The High Court has ruled that Michaela Banerji’s sacking from the (then) Department of Immigration and Border Protection – Home Affairs sounds much nicer for the PR – was legitimate. This ruling has (to borrow the frequently used phrase from everywhere) rather chilling effects for democracy and free speech, and also has implications for other areas as well.
Under the (supposedly) anonymous Twitter pseudonym LaLegale, Banerji had posted thousands of tweets critical of government policies in 2012 (she was fired in 2013), mostly relating to refugee and offshore detention policies. Her boss, Sandi Logan, with whom she had an altercation with on the platform at one stage, was the one who set off the investigation into the account, raising the matter internally. This led to Banerji’s sacking and the subsequent legal action, culminating in the High Court ruling last week.
Banerji’s lawyers argued that, as the Twitter account was private and in no way suggested a public servant was behind the tweets, she had not breached Australian Public Service (APS) Code of Conduct. But there is one part of the Code that could see even private social media posts as a breach:
“An APS employee must at all times behave in a way that upholds the APS Values and the integrity and good reputation of the APS.”
My emphasis. Because that is the troubling part of this whole situation. You could argue – depending on the context, incorrectly, in my view – that if someone is at their place of work that they shouldn’t be critical of government policy and simply do their job. But outside of the workplace, and particularly in private, should a person not have the right to say what they wish? Should citizens of any profession not have the right to criticise their government and their policies?
The High Court has now ruled that, no, APS employees do not have the right to freedom of speech, even in an anonymous and/or private capacity, on matters of politics (at least, in reference to their specific line of work, in this case refugee policy). If this does not concern you as a major instance of government censorship on a large portion of the population (about 2M people), then perhaps there are some further implications involved that might convince you.
Both the public and private sectors should be paying attention to this ruling, as it essentially waives an employee’s rights in favour of their employer. But let’s stick to the public service for now, because there are many ways that this precedent could be abused, and a number of cases where it is outright moronic.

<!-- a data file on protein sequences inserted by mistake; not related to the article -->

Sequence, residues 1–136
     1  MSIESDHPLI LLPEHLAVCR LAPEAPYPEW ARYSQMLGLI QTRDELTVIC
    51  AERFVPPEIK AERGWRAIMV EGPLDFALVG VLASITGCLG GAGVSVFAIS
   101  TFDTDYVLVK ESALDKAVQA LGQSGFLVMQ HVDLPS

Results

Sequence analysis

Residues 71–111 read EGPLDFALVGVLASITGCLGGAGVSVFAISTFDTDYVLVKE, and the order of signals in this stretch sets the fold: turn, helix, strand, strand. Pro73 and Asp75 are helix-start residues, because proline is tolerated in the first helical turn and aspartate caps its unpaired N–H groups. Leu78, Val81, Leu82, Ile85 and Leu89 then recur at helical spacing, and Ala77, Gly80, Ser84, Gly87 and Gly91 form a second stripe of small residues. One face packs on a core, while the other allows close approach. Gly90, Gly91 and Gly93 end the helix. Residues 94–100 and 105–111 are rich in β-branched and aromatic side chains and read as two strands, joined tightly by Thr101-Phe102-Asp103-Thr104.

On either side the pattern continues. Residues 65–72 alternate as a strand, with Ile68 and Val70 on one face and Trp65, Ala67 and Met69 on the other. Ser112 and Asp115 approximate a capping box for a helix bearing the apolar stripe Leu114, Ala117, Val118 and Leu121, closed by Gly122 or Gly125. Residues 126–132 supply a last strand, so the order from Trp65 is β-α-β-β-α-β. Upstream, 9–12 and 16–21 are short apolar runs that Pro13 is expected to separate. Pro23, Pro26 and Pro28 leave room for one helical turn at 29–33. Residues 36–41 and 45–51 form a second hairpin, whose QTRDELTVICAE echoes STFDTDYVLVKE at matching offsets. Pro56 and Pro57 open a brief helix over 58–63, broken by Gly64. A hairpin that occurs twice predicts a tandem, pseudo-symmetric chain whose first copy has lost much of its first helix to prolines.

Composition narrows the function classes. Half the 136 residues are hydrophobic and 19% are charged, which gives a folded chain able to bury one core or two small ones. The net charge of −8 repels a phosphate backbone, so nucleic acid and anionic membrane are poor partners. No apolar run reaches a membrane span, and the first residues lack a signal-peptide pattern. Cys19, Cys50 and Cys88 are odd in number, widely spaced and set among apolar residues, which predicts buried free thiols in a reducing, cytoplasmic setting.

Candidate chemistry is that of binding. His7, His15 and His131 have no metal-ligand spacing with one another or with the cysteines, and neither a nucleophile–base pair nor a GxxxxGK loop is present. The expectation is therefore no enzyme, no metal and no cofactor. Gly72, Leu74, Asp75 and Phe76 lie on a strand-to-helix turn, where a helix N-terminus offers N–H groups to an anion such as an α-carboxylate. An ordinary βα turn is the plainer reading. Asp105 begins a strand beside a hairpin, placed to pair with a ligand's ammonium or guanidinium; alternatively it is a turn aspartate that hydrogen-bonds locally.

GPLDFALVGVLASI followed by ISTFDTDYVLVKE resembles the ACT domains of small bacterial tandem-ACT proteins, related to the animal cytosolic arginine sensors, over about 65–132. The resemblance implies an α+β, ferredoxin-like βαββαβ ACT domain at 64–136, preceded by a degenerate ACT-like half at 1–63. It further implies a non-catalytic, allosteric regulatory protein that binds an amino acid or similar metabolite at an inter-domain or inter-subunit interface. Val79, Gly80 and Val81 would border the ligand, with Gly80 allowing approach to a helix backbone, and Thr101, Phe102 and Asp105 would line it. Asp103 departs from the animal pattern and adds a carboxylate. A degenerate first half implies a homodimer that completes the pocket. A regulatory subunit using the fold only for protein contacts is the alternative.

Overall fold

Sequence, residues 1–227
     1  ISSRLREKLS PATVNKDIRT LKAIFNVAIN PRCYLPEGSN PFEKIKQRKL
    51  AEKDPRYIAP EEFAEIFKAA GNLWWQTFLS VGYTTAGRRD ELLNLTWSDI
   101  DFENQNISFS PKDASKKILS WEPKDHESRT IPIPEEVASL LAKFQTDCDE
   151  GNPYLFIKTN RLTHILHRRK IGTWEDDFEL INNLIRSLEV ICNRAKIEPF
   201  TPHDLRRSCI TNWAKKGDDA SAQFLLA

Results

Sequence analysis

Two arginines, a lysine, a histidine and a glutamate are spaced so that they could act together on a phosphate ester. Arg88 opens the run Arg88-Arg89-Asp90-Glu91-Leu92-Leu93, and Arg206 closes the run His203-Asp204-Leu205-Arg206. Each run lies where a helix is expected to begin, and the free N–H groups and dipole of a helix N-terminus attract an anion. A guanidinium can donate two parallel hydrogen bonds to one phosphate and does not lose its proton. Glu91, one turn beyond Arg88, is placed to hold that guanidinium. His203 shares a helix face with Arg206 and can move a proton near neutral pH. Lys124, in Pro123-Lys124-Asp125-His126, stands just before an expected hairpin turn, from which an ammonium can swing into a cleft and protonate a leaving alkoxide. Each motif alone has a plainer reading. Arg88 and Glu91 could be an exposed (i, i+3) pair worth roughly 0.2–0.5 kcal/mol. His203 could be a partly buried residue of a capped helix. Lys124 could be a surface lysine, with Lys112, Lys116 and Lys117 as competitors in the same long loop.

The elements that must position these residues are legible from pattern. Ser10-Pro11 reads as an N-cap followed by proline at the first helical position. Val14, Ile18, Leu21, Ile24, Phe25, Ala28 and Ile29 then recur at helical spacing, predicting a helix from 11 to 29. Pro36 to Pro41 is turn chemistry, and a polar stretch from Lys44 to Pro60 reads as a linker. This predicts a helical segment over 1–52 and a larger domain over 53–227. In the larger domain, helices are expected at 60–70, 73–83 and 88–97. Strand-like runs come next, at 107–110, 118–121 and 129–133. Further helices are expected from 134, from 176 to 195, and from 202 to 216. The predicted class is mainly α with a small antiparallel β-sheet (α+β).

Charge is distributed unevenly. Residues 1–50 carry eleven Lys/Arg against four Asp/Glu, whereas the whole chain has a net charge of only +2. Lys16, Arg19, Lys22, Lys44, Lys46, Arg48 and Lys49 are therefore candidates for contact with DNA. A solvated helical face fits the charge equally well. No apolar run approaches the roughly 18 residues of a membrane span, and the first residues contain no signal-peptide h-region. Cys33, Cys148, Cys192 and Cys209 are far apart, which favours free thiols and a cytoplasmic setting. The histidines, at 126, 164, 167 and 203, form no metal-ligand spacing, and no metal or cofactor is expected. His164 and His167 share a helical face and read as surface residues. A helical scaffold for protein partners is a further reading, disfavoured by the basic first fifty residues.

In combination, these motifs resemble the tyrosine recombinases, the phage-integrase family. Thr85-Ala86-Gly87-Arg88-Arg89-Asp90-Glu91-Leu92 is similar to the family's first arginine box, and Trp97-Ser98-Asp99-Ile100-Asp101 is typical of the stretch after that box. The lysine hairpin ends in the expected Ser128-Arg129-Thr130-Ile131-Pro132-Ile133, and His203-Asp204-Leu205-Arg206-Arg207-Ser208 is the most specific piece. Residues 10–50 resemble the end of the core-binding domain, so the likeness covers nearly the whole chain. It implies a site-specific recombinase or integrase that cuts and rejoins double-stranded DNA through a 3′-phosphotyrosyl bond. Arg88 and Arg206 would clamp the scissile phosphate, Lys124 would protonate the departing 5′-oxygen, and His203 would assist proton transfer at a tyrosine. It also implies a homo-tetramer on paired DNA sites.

First off, beyond the plain, Orwellian nature of prohibiting criticism – I can’t imagine supportive messages would be so ardently hounded – the implication here is that APS employees must be loyal to the government of the day. While, in concept, the idea of the APS being apolitical sounds good, in practice it only serves to create a complicit and compliant workforce. I think the case of someone working in the Department overseeing refugee policy is the perfect example, although many others could illustrate this point.
Banerji’s tweets called the government’s policies inhumane and suggested they needed to change. Not only should she have the right to believe this as a private citizen, but as someone in a role connected to human rights abuses, one would imagine it is the duty of APS employees to question the government’s actions. Imagine firing someone because they believed their employer should adhere to International Law and Human Rights law? Because that’s technically what’s happened here.
And this, really, is a fairly low standard – she was only criticising the government. Take the case of Witness K, the whistleblower who revealed that Australia had bugged offices in Timor-Leste during negotiations for a maritime border and resources. He disclosed information that was hidden due to “national security” reasons, but it’s a similar scenario. The government was spying on another nation, a nation we have tried to break at every turn for decades, all for the profits of giant private companies. The conduct of our government is something that should absolutely be public knowledge, and the treatment of Witness K and his lawyer is wrong. Similarly, public servants should be able to criticise or talk about policy without fear of punishment, especially if they’re not disclosing any confidential information.
The second point, that in my opinion is one of the more troubling ones, is how far reaching can this precedent go? My friend, studying midwifery, asked me about this case and it’s easy to see how it may affect her. If she moves to work in a public hospital as a midwife and, in private or openly, criticises the government’s policies regarding healthcare in Australia, will she be fired? If a relative of mine, who is a teacher aide, posted something negative about changes to education policy, would she be fired? According to the High Court, yes in both cases.
And does it stop in their field of work? What if one of them criticised refugee policy as well – is it a breach of the Code to speak negatively about any government Department, or just the one they belong to? Or if they posted criticism before seeking employment in the APS, would that affect their chances of employment? I feel it would be hard to justify not hiring someone based on their privately held opinions. That may sound like a stretch, but they’re questions that urgently need answers, because I wouldn’t put it past the government to take that line.
A step further, does this implicate Union membership too? If this precedent does extend to criticism of Departments and policies outside the duties of the employee, could someone fighting for Union rights and powers, against the current government’s wishes, land them in hot water? Being a Union member is as much a form of political communication as criticising policy – is there a line that will be drawn between the two? Who gets to determine that? Despite Morrison’s attempts to sugar-coat his dangerous anti-Union laws by saying “everyone has the right to join their Union”, could we end up in a situation where we either have no Union representation, or we have Unions but being associated with them denies you employment in the public service? As I said above: complicity and complacency, if you won’t do what you’re told, we’ll find someone else who will.